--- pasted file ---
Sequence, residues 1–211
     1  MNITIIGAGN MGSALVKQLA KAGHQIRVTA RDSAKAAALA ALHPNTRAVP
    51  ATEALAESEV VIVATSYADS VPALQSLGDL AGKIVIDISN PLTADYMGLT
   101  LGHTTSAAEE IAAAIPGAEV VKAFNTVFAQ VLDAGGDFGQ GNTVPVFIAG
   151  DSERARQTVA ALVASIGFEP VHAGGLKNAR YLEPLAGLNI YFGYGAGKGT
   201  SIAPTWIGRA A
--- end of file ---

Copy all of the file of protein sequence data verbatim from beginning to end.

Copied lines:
Sequence, residues 1–211
     1  MNITIIGAGN MGSALVKQLA KAGHQIRVTA RDSAKAAALA ALHPNTRAVP
    51  ATEALAESEV VIVATSYADS VPALQSLGDL AGKIVIDISN PLTADYMGLT
   101  LGHTTSAAEE IAAAIPGAEV VKAFNTVFAQ VLDAGGDFGQ GNTVPVFIAG
   151  DSERARQTVA ALVASIGFEP VHAGGLKNAR YLEPLAGLNI YFGYGAGKGT
   201  SIAPTWIGRA A